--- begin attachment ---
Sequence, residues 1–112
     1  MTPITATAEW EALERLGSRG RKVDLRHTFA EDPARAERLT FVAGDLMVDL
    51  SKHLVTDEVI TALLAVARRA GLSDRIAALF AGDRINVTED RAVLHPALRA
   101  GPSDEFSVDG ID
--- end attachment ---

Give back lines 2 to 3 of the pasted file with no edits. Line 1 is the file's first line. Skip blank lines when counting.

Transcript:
     1  MTPITATAEW EALERLGSRG RKVDLRHTFA EDPARAERLT FVAGDLMVDL
    51  SKHLVTDEVI TALLAVARRA GLSDRIAALF AGDRINVTED RAVLHPALRA